Yehuda Burla (1886-1969) was born into a rabbinic family that immigrated to Jerusalem from Izmir/Smyrna in the 16th century. He left behind one novel (Beli Kokhav/Without a Star) and numerous short stories based on his war experience in the Ottoman army as an interpreter for a German commander. Autobiographical details abound in the stories, and the figure of the narrator in each tale is usually taken to be Burla himself. Taken as a whole, Burla’s stories animate the infamous horrors of the Ottoman soldier’s life, though they also reflect, surprisingly, some positive facets of the war experience that cannot be ascertained through statistics of the dead and wounded.
Burla’s stories both confirm what is known of the Ottoman soldier’s struggle with disease, hunger, and insufficient supplies, and contribute to a greater understanding of the interpersonal relations and even acts of kindness that made the war experience whole. Thus the reader encounters the long march across the desert en route to the disastrous attack on the Suez canal in Without a Star, the squalor and filth of the Amaliya labor camp (near Hebron) in “The Soldier and the Ass,” and the young solider who shoots his own hand to escape being sent to the front in “Rescue,” all written in 1915. Yet, there is another side of this war experience that includes a shared sense of camaraderie with the Arab, Turkish, and Armenian soldiers and even an occasional kind word about their commanding officers.
As Glenda Abramson has observed in her recent survey of Hebrew literature of the First World War, Burla is distinguished from contemporary accounts written by European immigrants by the fact that his is a native’s tale. His stories are full of sympathy for the common soldier and reflect a “traditional devotion to the land, shared by the other, non-Jewish, peoples of Palestine, as their common inheritance.” The horrors of the war certainly exist in Burla’s works—the apex of which is the chilling duty to kill one’s fellow man—but they are the general lot of all soldiers rather than the distinct misfortune of the Jew. It is here that Burla’s stories are most at odds with well-known accounts by European Jewish soldiers, such as Avigdor Hameiri, who served in the Habsburg army and for whom the military’s systematic anti-Semitism and arbitrary cruelty led to his alienation from his Austrian homeland and corresponding embrace of political Zionism.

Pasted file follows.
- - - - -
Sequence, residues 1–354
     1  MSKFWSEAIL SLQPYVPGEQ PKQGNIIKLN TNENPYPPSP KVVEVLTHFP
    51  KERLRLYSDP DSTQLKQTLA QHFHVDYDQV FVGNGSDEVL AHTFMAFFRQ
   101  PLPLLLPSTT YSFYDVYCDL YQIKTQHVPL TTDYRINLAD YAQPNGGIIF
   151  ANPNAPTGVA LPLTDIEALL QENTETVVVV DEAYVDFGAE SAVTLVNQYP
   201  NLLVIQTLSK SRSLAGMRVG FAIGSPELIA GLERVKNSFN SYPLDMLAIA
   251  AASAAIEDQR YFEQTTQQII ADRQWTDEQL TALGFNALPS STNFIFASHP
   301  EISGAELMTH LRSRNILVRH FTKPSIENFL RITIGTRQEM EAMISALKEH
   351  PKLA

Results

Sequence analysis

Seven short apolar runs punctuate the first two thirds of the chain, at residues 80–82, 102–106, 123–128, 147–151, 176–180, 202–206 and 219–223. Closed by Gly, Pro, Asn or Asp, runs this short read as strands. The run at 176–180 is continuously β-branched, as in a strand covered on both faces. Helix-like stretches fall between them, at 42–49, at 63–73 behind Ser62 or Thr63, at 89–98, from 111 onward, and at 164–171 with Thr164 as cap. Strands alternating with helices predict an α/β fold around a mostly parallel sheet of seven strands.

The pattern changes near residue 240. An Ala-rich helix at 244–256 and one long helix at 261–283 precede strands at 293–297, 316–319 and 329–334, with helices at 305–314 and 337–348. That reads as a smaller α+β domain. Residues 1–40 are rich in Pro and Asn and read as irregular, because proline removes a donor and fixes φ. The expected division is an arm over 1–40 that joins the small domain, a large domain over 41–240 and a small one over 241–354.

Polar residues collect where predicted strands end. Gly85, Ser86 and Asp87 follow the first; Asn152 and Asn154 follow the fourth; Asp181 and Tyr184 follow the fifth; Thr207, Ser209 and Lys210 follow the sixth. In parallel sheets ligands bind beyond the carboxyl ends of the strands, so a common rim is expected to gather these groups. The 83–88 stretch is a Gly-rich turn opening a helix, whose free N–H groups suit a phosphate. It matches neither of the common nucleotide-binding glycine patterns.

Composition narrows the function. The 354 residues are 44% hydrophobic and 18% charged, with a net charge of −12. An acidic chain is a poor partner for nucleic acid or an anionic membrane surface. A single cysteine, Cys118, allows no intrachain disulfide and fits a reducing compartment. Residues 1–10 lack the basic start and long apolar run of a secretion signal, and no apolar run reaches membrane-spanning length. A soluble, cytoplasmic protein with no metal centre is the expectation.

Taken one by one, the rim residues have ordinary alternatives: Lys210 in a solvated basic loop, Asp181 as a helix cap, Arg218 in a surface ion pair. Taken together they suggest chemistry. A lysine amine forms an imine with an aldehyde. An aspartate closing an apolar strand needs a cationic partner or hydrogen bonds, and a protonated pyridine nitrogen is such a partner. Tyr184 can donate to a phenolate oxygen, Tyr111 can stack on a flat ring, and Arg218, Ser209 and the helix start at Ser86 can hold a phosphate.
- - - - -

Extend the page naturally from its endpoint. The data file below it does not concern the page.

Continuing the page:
As a Sephardi Jew who wrote in Hebrew but displayed none of the ideological fervor associated with Zionist writers of the period, Burla has often fallen between the cracks of Hebrew literary criticism and his work, particularly his war stories, have received little scholarly attention. Indeed, the dominant forces in Hebrew literary studies have dismissed Burla as a “naïve writer, revealing none of the complexities found, for example, in the work of Agnon.” While it is true that Burla’s stories are not on literary par with those of Agnon—a master modernist and Nobel laureate—Burla gives us invaluable description of an Ottoman soldier’s experience in the First World War. At the very least, the largely autobiographical nature of Burla’s stories renders them an important source for historians interested in the war in the Middle East. As literary creations, these stories may indeed be lacking, but as historical remnants of the Ottoman and Jewish past, Burla surely has much to offer.
 Yehuda Burla, Beli Kokhav: Roman – Sipurei milchama (Tel Aviv: Hotsa’at Dvir-Masadah, 1962).
 Glenda Abramson, Hebrew Writing of the First World War (London: Vallentine Mitchell, 2008), 345.
 Avigdor Hameiri, The Great Madness, trans. Yael Lotan (Haifa: Or-Ron Publishing House Ltd., 1984).
 Gershon Shaked as quoted by Glenda Abramson. See: Abramson, Hebrew Writing of the First World War: 334. Avinoam Barshai, ed. Yehuda Burla: mivhar ma’amarim al yetzirato (Tel Aviv: Am Oved, 1975), 28.